Black Scare/Red Scare importantly elevates and amplifies voices from the Black Radical tradition of the mid-20th Century. From the prolific writings of Dr. W.E.B. Du Bois in his elder years to groups like the Civil Rights Congress and the National Negro Labor Congress which were active through the early 1950s but faced severe repressions from the state. Moreover, it foregrounds the ideas and writings of under-appreciated radical Black women in the historical record—folks like Freedomways founding editor, Esther Cooper Jackson—who feature prominently in your citations. As such, how would you characterize your main source materials for this book and how might you describe your method for assembling these sources?

I used state documents like Revolutionary Radicalism (commonly known as the “Lusk Committee Report”) and J. Edgar Hoover’s Racial Conditions in the United States (RACON); the We Charge Genocide petition; and a range of archival documents, including meeting minutes and reports, radical newspapers and periodicals, correspondence, and speeches. Gerald Horne’s endnotes in books like Black Liberation/Red Scare: Ben Davis and the Communist Party, Communist Front? The Civil Rights Congress, 1946-1956, and Black Revolutionary: William Patterson and the Globalization of the African American Freedom Struggle helped to guide me to key archives and sources and provided a starting point for identifying the types of racist and antiradical repression to which Black communists and fellow travelers were subjected. From there, the writings and speeches of people like William Patterson, Claudia Jones, Ben Davis, Pettis Perry, W. Alphaeus Hunton, and Charlotta Bass, along with Angelo Herndon’s autobiography Let Me Live, provided the backbone of my historical narrative and the spotlight for key events.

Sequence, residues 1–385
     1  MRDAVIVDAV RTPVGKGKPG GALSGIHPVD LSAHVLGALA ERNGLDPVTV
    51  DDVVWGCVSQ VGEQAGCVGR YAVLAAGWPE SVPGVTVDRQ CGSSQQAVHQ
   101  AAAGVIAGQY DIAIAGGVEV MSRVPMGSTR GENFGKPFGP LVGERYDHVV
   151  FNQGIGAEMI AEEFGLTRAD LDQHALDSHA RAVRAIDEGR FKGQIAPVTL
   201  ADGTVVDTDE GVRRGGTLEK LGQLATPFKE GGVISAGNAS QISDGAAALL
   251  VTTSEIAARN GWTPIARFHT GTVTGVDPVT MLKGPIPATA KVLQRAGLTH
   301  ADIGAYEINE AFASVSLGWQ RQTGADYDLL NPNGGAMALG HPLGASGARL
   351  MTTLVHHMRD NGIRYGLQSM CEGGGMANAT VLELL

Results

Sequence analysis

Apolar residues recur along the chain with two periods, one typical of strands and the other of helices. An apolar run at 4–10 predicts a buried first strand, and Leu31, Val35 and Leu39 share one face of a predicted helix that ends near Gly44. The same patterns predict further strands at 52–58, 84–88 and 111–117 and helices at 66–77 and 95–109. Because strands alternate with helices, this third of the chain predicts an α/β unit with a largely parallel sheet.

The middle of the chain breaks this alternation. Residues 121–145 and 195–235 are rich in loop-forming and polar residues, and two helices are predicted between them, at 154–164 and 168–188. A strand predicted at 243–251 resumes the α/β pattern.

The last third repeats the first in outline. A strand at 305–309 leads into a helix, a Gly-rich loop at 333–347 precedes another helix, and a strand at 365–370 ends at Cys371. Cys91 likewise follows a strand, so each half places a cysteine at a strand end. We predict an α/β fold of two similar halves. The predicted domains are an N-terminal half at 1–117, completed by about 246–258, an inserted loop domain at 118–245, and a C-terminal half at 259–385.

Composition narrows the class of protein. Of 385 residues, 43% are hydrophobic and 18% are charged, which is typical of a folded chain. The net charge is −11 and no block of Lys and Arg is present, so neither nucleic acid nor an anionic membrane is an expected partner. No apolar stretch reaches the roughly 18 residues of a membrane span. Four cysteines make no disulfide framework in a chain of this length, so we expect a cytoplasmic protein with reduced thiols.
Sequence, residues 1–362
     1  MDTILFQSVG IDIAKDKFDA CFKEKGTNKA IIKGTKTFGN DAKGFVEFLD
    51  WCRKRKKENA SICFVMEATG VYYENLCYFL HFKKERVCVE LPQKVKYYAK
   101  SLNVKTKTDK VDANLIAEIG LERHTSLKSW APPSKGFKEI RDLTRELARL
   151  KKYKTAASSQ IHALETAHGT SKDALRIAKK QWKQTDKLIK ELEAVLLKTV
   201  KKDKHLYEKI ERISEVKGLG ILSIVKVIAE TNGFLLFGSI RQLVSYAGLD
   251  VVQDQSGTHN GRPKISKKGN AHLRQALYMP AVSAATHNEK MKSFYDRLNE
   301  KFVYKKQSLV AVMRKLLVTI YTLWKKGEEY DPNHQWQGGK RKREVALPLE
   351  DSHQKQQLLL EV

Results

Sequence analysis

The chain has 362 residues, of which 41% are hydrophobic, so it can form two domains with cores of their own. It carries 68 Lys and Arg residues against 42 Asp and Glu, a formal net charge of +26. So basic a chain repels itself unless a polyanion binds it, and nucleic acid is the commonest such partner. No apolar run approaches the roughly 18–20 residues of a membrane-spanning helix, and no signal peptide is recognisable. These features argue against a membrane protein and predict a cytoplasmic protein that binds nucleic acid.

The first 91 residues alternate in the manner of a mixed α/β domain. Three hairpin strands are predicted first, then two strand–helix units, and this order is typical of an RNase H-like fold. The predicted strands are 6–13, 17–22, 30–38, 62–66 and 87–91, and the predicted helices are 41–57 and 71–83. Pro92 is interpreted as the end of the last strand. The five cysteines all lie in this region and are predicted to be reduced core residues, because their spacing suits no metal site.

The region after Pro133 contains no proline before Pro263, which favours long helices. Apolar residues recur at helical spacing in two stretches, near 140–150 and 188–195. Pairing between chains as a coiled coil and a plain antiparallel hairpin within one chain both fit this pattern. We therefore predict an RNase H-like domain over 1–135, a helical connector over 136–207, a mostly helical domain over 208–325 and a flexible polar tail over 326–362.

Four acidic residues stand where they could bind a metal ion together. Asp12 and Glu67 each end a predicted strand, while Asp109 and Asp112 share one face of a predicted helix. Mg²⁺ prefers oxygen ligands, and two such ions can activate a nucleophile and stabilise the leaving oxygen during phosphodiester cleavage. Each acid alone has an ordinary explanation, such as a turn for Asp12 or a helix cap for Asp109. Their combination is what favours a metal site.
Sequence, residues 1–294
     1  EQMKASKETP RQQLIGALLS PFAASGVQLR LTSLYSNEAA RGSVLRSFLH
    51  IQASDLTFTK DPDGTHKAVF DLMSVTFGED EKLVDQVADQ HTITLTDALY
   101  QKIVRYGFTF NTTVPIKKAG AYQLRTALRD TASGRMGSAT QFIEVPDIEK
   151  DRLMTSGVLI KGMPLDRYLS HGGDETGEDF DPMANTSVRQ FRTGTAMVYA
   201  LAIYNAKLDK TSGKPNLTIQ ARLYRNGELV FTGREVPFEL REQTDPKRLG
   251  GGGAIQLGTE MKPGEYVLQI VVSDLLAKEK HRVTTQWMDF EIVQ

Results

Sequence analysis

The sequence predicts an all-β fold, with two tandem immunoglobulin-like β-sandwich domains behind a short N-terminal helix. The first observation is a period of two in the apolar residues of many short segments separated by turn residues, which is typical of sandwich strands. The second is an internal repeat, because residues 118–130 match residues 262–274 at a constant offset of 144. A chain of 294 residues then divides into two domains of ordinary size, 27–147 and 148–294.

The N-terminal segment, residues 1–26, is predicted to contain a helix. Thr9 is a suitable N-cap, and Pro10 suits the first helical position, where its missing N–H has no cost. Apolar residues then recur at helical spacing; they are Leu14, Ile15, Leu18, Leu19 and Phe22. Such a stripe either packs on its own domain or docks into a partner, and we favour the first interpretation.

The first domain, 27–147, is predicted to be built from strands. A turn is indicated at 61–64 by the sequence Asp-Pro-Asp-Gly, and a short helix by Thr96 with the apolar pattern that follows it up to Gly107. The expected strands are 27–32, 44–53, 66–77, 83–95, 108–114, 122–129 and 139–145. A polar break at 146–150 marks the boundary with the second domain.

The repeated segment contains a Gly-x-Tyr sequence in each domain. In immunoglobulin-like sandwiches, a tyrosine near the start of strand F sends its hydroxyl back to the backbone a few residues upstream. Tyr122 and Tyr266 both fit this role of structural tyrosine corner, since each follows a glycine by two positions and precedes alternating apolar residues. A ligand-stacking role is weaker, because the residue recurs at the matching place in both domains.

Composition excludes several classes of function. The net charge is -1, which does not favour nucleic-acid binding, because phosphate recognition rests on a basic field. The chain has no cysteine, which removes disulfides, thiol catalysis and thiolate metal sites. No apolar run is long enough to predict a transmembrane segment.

Alphaeus Hunton with his wife, Dorothy, Paul Robeson, and W.E.B. Du Bois, sometime between 1949 – 1963 (Source: Schomburg Center)
Alphaeus Hunton with his wife, Dorothy, Paul Robeson, and W.E.B. Du Bois, sometime between 1949 – 1963 (Source: Schomburg Center)
Angelo Herndon, circa 1932 (photo in public domain)
Angelo Herndon, circa 1932 (photo in public domain)  

The Black Scare and Red Scare periods were marked by intense public fears and suspicions of certain groups within American society. Together, they reveal the longue durée, as you put it so eloquently in the book, of various forms of especially racial subjugations, but also “Wall Street Imperialism” and its long deleterious reach in American life (historical and present-day). How does the book analyze the role of propaganda and media in perpetuating these fears among American publics which have (willingly or not) propped up systems of white supremacy and obscured many of the realities of Black American life especially through the mid-20th Century? And what impacts have these mechanisms had on public perceptions of these matters moving forward in time?

One way I write about this is through the concept of “societal self-regulation. Propaganda left a large swath of the population in fear that their thoughts, beliefs, and opinions would result in disciplining given an atmosphere that had been “poisoned” by the passage of such laws. The radical Pan-Africanist Eslanda Goode Robeson explained how not only the threat anticommunist laws, but also the spread of Black Scare/Red Scare misinformation and disinformation undermined progressive struggles, not least the struggle for racial justice, since citizens were plagued by “fear of losing one’s job, home, education” and “fear of non-conforming, or of even being accused of non-conforming.” This “soft power” of anticommunist governance meant that racially and politically minoritized persons were forced to genuflect to the status quo lest they be marginalized, excluded, criminalized, physically attacked, or worse. Likewise, those with access to power—including landlords, private employers, book publishers, and mass media workers—were conditioned by and through the Black Scare and the Red Scare to be hostile to and prejudiced against communists, militants, and agitators and to act against them. As an article in the progressive Black publication, the California Eagle, claimed, the persecution of communists and their right to free speech had especially dire consequences for Black people, for whom the right to dissent was essential to challenging racism and white supremacy.